“His great-uncle founded the station. When he died, it passed to Caine’s mum in the States, but she’s not young and wasn’t going to move here to run it, so Caine came. Last year at Christmas, she gave it to him outright. You know, I bet he could use a hand figuring out all the paperwork, taxes and shit. He’s got a head for business, but he’s still a Yank. You could keep your hand in.”
“If he’ll let me help,” Sam said with a sigh.
“Why wouldn’t he?” Neil asked. “You lost your job because the owners retired. You weren’t fired or laid off or anything like that. It’s not your fault you couldn’t find a new job.”
Sam shrugged. “He sounds like a good bloke. Is he married?”
Neil choked on his beer. He’d been hoping to put off this conversation until later, but short of lying, he didn’t see a way around it. “Last time I checked, two blokes can’t get married here. Macklin’s name is on the deed, though, and he moved out of the foreman’s house and into the big house a year ago, so I figure that’s close enough.”
“You work for a gay couple?”
“Sam, you’re my brother and I love you, but if this is going to be a problem, you need to tell me now so I can get you a hotel room in Yass.”
“No, it’s not a problem,” Sam said quickly. “I’m just surprised. We didn’t exactly grow up in a tolerant house.”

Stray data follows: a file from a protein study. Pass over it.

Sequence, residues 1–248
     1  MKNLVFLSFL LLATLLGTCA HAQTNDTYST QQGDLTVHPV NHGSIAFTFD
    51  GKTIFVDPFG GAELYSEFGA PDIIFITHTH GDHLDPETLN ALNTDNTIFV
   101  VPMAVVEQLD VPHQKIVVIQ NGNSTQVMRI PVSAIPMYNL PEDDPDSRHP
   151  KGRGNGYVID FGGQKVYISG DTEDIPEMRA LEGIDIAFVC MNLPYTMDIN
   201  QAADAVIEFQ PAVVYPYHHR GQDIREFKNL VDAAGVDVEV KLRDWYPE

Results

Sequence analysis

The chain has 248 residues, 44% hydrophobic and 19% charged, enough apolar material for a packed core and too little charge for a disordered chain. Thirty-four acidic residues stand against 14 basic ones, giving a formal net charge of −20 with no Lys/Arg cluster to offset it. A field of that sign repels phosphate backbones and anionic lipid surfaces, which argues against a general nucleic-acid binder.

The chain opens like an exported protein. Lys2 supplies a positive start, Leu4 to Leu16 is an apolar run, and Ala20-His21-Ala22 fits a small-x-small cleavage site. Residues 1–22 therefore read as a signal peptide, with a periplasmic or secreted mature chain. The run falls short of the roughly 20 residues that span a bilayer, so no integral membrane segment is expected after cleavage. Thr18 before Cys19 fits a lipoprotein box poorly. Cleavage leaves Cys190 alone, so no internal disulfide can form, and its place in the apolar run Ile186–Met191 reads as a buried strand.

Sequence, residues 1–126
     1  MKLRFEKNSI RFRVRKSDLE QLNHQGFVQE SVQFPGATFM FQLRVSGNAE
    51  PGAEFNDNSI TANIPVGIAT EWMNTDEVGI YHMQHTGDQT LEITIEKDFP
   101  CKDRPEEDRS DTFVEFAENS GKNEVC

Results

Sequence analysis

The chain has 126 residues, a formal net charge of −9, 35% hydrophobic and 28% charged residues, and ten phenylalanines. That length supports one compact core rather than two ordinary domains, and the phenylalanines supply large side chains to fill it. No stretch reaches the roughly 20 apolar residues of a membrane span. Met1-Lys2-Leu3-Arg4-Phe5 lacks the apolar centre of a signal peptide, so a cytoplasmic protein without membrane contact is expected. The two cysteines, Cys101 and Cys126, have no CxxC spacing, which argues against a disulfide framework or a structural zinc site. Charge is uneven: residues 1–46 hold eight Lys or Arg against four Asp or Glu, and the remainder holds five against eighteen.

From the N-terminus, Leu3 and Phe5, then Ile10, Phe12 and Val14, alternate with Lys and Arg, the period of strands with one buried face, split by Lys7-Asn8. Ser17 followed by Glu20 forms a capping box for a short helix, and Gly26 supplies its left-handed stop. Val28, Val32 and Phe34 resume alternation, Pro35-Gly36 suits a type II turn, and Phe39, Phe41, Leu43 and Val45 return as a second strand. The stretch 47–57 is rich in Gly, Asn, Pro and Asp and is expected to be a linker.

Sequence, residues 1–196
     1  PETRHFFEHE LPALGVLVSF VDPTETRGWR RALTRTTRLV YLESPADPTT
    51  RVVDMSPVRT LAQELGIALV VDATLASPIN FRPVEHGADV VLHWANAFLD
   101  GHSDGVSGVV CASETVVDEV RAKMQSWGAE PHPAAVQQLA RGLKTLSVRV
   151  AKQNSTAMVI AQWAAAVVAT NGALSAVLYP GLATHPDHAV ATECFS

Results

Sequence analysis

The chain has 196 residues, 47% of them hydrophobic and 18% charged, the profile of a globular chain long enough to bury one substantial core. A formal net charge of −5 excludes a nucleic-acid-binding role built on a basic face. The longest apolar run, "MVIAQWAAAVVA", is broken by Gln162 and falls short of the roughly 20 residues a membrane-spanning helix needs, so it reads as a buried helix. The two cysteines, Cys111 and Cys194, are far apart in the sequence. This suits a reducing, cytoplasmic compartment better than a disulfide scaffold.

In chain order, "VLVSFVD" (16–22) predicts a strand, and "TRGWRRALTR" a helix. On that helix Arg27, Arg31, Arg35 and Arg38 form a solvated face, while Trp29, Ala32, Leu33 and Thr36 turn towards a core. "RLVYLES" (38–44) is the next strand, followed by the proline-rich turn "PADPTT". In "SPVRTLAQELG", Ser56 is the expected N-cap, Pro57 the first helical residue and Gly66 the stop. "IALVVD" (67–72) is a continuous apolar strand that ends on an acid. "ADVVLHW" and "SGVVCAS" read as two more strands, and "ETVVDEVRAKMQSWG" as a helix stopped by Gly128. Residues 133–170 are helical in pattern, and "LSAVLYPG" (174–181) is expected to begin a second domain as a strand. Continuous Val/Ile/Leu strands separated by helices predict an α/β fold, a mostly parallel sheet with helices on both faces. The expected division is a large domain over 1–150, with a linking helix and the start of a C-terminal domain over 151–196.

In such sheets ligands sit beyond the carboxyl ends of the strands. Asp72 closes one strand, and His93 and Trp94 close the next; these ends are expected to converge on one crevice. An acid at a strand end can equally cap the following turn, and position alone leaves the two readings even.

Neil shrugged. “Caine saved my life and nearly died doing it. And he did it after I found out he was gay and said every nasty thing I could think of to him. He’s earned my loyalty.”
The arrival of their food forestalled Sam’s reply, and he ate with such gusto that Neil didn’t press for more of a reaction. He wasn’t in the mood to listen to all the homophobic bullshit he’d grown up with. He was a different man now, a better one, he hoped. If Sam could just give Caine and Macklin a chance, he’d see they deserved his respect.
They finished eating and headed north toward Boorowa. “Do you need anything?” Neil asked. “Supplies of any kind? Once we leave Boorowa, there’s nowhere to stop.”
“No, I’m fine,” Sam said. “Alison let me keep everything of mine.”
“One suitcase?” Neil responded.
“I left some stuff with friends,” Sam said. “I didn’t figure I’d need suits on the station.”
“No, you won’t,” Neil agreed. “So tell me. What happened with you and Alison? Last time I saw you, I thought you were happy.”
“She wanted someone with a job, and I wanted…. It doesn’t matter what I wanted. She wanted out, and I’m not going to fight her.”
“Is there someone else?” Neil asked.
“I didn’t ask her,” Sam said.
“What about you?”
“No one that matters.”
“You slept around and it didn’t even mean anything? That’s low, Sam.”
“It wasn’t like that,” Sam insisted. “I….”
“You what, Sam?”
“I married her because it’s what Mum and Dad expected. I didn’t feel like I had a choice, and at least I liked Alison. We got along well enough, but that’s it. I never really loved her. I don’t know if she loved me, but she doesn’t anymore, and I’m fine with that. Dad’s gone. He can’t be disappointed in me now, so it doesn’t matter anymore.”
“What are you talking about? Why would you marry Alison if you didn’t love her? You could have found someone else.”
“You already said it,” Sam said. “It’s not legal for two blokes to get married.”